Apr 3, 2014
The Federal Communications Commission took action this week to curb abuses by television broadcasters that are using joint sales agreements of evade ownership rules. The FCC's ownership rules are necessary to preserve localism, diversity of opinion and competition in local media markets.
NABET-CWA President Jim Joyce applauded the FCC's action that "closed a loophole that has allowed some broadcasters to do an end run around laws intended to limit multiple TV station ownership."
The Commission voted 3-2 to ban new joint sales agreements (JSAs) in which one station sells 15% or more of the advertising time of another separately owned station in the same market. In addition, existing JSAs generally will be required to unwind within two years, unless an exemption waiver is granted by the FCC. The FCC also will ask for public comments on whether broadcasters should be required to fully disclose details about another form of media consolidation, shared services agreements, (SSAs) and whether SSAs should come under additional regulation.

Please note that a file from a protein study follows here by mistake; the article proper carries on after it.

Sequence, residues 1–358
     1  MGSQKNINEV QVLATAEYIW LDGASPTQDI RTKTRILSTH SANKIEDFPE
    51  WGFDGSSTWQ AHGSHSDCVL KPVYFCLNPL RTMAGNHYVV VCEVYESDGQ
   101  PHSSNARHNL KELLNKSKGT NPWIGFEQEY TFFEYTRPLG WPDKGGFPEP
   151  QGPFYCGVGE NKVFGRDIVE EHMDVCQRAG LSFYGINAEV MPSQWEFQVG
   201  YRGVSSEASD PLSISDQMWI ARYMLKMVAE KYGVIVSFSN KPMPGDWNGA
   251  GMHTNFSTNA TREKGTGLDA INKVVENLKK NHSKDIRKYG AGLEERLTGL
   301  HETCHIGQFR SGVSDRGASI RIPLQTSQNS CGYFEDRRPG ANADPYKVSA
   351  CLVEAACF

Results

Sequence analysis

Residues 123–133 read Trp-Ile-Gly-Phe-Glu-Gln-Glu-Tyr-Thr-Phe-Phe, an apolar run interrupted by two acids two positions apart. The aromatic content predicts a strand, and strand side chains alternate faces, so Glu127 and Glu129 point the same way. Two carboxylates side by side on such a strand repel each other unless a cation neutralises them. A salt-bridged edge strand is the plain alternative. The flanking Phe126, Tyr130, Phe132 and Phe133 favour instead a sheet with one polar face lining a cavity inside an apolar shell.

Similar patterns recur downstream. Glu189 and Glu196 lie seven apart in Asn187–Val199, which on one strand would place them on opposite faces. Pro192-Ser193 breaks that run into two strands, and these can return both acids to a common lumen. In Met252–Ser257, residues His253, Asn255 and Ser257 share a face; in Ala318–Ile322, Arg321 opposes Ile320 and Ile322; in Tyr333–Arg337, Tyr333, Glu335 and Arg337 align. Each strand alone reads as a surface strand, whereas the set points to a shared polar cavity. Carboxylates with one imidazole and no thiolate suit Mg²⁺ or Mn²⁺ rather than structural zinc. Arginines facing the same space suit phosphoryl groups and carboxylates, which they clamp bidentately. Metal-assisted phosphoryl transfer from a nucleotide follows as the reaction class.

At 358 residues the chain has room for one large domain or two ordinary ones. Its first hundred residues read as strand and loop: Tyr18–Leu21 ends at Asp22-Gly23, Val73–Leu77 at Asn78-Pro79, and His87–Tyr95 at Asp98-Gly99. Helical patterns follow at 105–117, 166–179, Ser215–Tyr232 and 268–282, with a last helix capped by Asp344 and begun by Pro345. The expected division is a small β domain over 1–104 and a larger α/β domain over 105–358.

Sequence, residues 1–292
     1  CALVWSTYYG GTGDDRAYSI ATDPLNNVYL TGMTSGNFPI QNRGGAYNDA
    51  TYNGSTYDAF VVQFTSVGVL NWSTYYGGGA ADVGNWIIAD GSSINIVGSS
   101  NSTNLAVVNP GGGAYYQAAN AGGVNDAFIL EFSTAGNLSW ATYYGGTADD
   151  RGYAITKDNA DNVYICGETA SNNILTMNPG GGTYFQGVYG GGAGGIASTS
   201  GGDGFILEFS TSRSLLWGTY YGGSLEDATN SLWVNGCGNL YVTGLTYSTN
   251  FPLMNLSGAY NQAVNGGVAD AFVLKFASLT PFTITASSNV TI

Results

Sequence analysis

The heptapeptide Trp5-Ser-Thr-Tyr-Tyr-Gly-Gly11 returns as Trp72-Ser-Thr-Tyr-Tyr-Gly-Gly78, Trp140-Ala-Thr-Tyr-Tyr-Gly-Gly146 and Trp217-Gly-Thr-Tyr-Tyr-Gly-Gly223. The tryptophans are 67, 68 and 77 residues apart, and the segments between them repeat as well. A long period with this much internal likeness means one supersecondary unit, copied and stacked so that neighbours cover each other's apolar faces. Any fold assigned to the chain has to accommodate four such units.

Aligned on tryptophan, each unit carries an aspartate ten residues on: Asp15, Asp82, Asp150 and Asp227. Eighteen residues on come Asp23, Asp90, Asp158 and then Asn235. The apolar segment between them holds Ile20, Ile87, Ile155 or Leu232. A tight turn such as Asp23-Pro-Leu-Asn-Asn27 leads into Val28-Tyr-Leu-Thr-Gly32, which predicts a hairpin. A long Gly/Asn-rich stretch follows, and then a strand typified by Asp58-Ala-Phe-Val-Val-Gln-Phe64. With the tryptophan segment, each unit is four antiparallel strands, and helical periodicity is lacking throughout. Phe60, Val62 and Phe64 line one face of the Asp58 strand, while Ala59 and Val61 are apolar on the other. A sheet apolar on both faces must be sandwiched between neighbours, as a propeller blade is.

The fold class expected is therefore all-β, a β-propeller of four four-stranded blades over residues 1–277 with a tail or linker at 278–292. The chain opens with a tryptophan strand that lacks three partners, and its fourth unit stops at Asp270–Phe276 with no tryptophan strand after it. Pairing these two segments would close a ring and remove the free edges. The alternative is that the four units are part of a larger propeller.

These shared services agreements have resulted in consolidation that has led to communities losing one or more important sources of information in their TV markets, and also have caused significant job loss, Joyce said. "We will tell the FCC that the use of shared agreements is outsourcing at its worst, and skirts ownership cap rules meant to protect the public interest," he said.